THURSDAY, Feb. 12, 2015 (HealthDay News) -- Despite some doctors' claims to the contrary, cancer patients rarely request unnecessary tests or treatments, a new study finds.
Researchers surveyed 34 oncologists, 11 oncology fellows and 15 nurse practitioners immediately after visits with cancer patients at three Philadelphia hospitals between October 2013 and June 2014.
Only 440 of the 5,050 visits (about 9 percent) included patient requests for tests or treatments, the investigators found. Of those, health care providers complied with 365 of the clinically appropriate requests. In addition, there were 50 demands for unnecessary tests or treatments, and health care providers complied with only seven of those demands.
About half of the patient requests were for medical imaging tests, nearly 14 percent were for laboratory tests and about 5 percent were for genetic tests or chemosensitivity tests, the University of Pennsylvania team found.
More than 15 percent of patient requests were for palliative care treatments, such as pain and sleep medicines. About 4 percent of patient requests were for chemotherapy, and less than 1 percent were for costly proton beam therapy, the study findings showed.
Patients most likely to demand or request tests or treatments included those who had poor relationships with their health care providers and those on active therapy, according to the study published Feb. 12 in the journal JAMA Oncology.
"We decided to look specifically at cancer patients' demands because oncology is a setting where there are life-and-death stakes for patients and the drugs and tests can get very expensive," senior study author Dr. Ezekiel Emanuel, chair of the department of medical ethics and health policy at the University of Pennsylvania School of Medicine in Philadelphia, said in a university news release.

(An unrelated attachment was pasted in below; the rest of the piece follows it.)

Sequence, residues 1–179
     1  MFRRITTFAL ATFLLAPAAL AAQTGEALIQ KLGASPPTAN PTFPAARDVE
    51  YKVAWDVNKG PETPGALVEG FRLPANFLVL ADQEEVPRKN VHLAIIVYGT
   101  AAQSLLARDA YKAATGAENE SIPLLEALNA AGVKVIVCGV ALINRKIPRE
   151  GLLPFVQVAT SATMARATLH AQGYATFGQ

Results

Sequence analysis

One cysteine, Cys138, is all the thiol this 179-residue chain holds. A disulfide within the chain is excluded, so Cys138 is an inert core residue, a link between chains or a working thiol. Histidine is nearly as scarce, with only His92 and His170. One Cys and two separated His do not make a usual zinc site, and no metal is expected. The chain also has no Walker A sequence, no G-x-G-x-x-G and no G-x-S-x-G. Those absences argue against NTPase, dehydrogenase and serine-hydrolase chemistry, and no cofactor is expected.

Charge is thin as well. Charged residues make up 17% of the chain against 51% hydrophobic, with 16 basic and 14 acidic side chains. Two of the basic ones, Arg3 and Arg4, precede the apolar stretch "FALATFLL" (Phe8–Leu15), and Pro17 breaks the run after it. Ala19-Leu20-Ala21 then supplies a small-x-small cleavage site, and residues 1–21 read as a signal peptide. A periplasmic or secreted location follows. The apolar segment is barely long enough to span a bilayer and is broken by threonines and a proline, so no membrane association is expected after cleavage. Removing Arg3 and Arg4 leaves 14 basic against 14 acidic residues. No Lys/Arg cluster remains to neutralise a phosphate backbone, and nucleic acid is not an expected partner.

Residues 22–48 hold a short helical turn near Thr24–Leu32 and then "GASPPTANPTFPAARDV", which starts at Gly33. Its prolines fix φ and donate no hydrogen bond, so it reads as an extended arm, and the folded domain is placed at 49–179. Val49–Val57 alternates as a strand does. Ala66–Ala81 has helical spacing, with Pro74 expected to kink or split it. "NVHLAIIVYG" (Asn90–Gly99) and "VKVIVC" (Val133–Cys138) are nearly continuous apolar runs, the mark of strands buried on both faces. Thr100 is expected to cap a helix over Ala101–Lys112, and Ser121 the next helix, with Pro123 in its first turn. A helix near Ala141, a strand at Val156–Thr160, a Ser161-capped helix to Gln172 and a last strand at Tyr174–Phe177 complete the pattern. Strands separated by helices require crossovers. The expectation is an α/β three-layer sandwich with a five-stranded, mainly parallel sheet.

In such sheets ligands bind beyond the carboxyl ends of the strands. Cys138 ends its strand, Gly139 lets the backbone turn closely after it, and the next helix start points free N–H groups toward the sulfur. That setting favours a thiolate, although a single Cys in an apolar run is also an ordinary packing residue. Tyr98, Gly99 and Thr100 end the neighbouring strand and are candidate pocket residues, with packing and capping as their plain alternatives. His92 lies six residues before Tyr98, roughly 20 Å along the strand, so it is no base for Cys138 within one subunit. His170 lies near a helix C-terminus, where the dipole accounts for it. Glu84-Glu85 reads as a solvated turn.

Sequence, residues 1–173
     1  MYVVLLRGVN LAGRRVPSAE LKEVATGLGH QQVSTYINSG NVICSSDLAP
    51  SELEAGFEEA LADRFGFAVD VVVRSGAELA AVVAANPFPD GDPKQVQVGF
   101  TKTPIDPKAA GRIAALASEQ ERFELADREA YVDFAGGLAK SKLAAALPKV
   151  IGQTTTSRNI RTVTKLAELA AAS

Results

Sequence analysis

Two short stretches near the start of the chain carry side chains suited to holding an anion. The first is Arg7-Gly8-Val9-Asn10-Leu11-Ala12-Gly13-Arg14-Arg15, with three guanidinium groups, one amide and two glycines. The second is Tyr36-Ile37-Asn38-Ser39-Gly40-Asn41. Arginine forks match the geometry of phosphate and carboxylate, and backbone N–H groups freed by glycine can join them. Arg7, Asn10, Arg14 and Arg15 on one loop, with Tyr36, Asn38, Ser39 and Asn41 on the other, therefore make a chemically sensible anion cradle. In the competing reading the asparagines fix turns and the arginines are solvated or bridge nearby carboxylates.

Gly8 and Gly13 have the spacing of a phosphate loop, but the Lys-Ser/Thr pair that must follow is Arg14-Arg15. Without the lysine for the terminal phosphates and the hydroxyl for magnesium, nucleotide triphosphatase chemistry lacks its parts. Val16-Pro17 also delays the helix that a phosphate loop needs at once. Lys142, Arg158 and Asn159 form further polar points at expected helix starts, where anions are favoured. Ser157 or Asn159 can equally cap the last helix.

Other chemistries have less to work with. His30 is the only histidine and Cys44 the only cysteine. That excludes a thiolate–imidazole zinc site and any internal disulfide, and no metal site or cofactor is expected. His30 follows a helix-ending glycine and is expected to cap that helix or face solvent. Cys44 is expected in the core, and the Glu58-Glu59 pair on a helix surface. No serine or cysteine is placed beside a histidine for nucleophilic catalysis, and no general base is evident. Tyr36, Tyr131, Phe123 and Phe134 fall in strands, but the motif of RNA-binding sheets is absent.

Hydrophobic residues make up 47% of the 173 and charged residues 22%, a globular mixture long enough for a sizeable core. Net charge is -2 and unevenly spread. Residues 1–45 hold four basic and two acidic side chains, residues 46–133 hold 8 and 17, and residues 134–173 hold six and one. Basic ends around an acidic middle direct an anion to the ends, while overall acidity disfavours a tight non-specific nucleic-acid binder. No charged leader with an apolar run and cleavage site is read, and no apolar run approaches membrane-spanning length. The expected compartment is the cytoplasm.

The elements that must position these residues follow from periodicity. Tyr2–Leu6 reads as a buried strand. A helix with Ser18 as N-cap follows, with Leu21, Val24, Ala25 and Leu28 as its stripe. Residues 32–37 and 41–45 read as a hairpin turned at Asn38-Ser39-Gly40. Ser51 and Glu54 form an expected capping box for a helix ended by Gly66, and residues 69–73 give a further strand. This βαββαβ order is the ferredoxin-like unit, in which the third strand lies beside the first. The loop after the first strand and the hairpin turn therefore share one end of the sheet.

"However, we found, contrary to expectations, that patient demands are low and cannot be a key driver of increasing health care costs," he added.
While many doctors claim that patient demands are contributing to rising health care costs, this study shows that few patients insist on unnecessary tests or treatments.
The findings show that doctors "have to stop blaming patients for being demanding. In reality, it is hardly happening," Dr. Anthony Back, of the Seattle Cancer Care Alliance, wrote in an accompanying editorial.
"The myth of the demanding patient is more about our own responses and how lackluster communication skills can contribute to difficult situations that stick in our throats and in our memories. And when we have calmed down enough to look up, we see that what is really happening between patients and physicians these days is something quite different," Back concluded.
The U.S. National Cancer Institute has more about cancer.